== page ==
Brief Fact Summary. The California Legislature passed three statutes changing the state’s Medicaid plan by reducing payments to Medicaid providers and beneficiaries (Plaintiff).Â The Medicaid providers and beneficiaries (Plaintiff) sued California’s Director of State Health Care Services (Defendant) arguing the state law was preempted by federal enactments under the Supremacy Clause.
Synopsis of Rule of Law. Once a federal agency has approved state statutes, Medicaid recipients and providers cannot maintain a cause of action under the Supremacy Clause by declaring that federal law preempts a state law reducing reimbursement rates without seeking review under the Administrative Procedure Act (APA) because of the issue of ripeness.
Issue. Once a federal agency has approved state statutes, can Medicaid recipients and providers maintain a cause of action under the Supremacy Clause by declaring that federal law preempts a state law reducing reimbursement rates without seeking review under the Administrative Procedure Act (APA) because of the issue of ripeness?
Held. (Breyer, J.)Â No.Â Once a federal agency has approved state statutes, Medicaid recipients and providers cannot maintain a cause of action under the Supremacy Clause by declaring that federal law preempts a state law reducing reimbursement rates without seeking review under the Administrative Procedure Act (APA) because of the issue of ripeness.Â
Â This Court granted certiorari in these cases to decide whether Medicaid providers and recipients may maintain a cause of action under the Supremacy Clause to enforce a federal Medicaid lawâ€”a federal law that, in their view, conflicts with (and preempts) state Medicaid statutes that reduce payments to providers.Â However, the relevant circumstances changed with the grant of certiorari.Â CMS has now approved the state statutes as consistent with the federal law.Â Due to the changed circumstances, the Court believes the question that is before us now is whether, upon the agency’s approval of the state statutes, groups of Medicaid providers and recipients may still maintain a Supremacy Clause action claiming that the state statutes are not consistent with the federal Medicaid law.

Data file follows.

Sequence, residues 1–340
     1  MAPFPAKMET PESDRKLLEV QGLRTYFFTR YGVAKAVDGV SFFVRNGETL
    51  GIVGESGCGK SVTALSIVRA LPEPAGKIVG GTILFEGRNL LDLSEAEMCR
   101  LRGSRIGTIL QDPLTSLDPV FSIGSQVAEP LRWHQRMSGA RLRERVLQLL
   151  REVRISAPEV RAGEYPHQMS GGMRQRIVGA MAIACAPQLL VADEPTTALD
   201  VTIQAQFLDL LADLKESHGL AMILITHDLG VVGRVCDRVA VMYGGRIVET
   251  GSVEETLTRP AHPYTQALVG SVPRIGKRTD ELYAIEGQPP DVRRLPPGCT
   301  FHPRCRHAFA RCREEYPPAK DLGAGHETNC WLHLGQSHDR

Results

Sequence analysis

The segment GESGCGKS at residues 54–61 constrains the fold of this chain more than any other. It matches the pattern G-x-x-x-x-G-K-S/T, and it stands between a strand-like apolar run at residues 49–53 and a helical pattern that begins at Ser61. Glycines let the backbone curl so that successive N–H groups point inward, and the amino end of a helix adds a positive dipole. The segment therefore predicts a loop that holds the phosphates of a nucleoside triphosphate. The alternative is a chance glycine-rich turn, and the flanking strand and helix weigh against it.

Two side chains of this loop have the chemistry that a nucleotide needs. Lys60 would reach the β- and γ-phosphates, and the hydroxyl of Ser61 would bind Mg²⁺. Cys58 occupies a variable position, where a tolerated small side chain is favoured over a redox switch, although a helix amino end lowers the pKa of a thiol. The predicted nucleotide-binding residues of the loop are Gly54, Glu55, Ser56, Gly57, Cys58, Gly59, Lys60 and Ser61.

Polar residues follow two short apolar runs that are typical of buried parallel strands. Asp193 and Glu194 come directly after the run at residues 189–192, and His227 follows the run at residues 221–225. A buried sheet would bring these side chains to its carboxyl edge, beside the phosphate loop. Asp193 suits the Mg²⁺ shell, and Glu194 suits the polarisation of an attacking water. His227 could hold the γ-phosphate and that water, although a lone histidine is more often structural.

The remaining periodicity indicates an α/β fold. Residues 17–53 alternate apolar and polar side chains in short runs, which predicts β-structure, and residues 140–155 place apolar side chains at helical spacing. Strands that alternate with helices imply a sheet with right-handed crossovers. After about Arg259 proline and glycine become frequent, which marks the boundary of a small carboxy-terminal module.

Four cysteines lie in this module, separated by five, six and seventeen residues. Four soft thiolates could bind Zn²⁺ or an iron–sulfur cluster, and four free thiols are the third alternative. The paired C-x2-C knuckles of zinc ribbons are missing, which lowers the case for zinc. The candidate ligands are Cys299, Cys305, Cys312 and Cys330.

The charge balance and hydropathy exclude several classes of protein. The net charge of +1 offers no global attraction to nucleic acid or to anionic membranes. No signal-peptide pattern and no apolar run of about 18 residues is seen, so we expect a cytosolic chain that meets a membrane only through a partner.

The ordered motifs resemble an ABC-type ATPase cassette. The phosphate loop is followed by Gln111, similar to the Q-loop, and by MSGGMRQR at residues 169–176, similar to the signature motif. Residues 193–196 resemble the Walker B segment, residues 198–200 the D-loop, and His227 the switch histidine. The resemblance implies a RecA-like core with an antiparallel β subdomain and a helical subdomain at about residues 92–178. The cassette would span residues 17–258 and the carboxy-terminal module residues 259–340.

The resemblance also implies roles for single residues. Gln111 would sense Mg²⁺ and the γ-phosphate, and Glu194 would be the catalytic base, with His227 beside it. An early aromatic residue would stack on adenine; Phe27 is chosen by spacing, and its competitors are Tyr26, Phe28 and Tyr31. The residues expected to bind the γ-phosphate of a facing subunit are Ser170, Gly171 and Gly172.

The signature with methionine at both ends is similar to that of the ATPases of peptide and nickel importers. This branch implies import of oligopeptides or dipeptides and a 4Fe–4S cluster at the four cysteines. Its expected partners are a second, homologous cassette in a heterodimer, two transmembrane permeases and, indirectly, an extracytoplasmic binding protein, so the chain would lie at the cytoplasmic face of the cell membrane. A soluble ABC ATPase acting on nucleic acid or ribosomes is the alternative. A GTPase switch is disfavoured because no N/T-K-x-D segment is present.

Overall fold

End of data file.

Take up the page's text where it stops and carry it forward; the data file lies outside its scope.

Â While the cases are not moot, they are now in a different position.Â CMS has determined that the challenged rate reductions comply with federal law.Â The decision of CMS does not change the underlying substantive question, specifically whether the State’s (Defendant) statutes are consistent with a specific federal statutory provision (requiring that reimbursement rates be “sufficient to enlist enough providers”).Â But it may change the answer.Â And it may require the Medicaid providers and beneficiaries (Plaintiff) now to go forward by seeking review of the agency determination under the APA, rather than in an action against the State (Defendant) under the Supremacy Clause.